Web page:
Here is the strange story of Msgr. Placa, a priest of the Diocese of Rockville Centre, NY. In a grand jury report, it makes oblique references to him, which say he abused and attempted to abuse kids back in the 1970s, that he was in charge of diocesan policy dealing with abusive priests, and that he protected abusers. On the other hand, Placa is much reviled among the priests of his diocese because they saw him as arrogant and abrupt in dealing with accused priests, removing them from their parishes at the first accusation. So which is it? Who are his victims? Children or priests?
If the article is accurate—a big if—I find some of the accusations against him suspect.
Over the last year, several victims and their relatives have complained about Monsignor Placa’s manner. Kathy Lotten, whose son was abused as a teenager by a priest in Kings Park in the late 1970’s, called the diocese in 1993 after learning that the priest had been appointed pastor at another parish. She said that Monsignor Placa was “kind of oily.”
“He was very articulate and used a lot of big words, which I felt was to intimidate me,” Mrs. Lotten said. “One in particular I remember was, if this priest is guilty he’s guilty of ephebophilia” ? the abuse of an adolescent, not a child. “He said, ‘Are you aware that the statute is way out,’ or something along those lines, and I can’t sue.”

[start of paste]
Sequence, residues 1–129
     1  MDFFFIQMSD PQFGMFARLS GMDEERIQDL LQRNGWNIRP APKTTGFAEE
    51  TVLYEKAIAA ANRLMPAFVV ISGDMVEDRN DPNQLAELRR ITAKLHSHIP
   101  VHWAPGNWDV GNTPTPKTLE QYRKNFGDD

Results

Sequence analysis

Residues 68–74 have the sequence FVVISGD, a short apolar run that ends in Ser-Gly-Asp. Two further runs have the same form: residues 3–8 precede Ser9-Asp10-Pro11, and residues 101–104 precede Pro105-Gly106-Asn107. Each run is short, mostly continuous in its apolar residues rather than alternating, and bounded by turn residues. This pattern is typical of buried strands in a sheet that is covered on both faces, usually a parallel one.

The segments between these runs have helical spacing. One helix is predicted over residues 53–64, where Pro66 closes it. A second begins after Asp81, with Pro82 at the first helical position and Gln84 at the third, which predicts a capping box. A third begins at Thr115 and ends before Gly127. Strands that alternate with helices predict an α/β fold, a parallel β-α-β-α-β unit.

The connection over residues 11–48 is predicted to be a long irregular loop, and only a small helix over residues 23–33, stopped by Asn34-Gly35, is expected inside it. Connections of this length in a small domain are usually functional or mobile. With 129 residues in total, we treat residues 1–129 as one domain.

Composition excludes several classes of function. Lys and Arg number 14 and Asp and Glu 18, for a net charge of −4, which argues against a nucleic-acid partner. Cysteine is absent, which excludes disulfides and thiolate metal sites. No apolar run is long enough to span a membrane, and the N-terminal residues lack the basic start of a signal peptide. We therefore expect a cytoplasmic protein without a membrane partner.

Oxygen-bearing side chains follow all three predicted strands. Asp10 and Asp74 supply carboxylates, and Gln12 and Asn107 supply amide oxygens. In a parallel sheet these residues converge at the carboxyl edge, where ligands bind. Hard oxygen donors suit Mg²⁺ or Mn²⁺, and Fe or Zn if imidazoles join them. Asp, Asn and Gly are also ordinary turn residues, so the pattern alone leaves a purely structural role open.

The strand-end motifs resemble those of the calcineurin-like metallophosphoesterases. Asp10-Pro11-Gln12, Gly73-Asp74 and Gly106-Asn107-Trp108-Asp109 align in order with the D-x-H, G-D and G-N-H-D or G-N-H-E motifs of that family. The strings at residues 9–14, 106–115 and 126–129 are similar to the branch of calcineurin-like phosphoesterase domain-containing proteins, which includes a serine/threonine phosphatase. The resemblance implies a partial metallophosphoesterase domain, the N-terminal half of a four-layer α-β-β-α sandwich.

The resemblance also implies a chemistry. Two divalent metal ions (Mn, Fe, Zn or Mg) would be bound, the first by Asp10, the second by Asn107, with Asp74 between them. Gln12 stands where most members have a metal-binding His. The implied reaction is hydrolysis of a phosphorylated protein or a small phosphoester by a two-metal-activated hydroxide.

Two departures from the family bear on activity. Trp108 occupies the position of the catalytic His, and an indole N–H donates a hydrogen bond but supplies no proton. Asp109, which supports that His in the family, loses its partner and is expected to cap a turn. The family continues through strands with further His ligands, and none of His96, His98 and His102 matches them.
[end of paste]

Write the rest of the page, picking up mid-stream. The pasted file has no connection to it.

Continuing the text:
“I wouldn’t swear to it, but I do not remember him saying that he was an attorney,” she said. “If he was there as an attorney, then I should have had an attorney.”
He used big words? One person’s big words are another person’s standard vocabulary. Have you ever known an attorney who didn’t speak in legalese? As for him being an attorney, he was trained as one, but not necessarily acting as the diocese’s legal representative, so that’s irrelevant. And pointing out that the statute of limitations expired doesn’t seem all that sinister to me.
I guess what I’m saying is that while Msgr. Placa doesn’t seem like the kind of nice, cuddly priest that everyone in the parish loves, it doesn’t necessarily mean he’s some kind of monster either. A grand jury report is not evidence or a conviction, so I’m wary of drawing conclusions from it.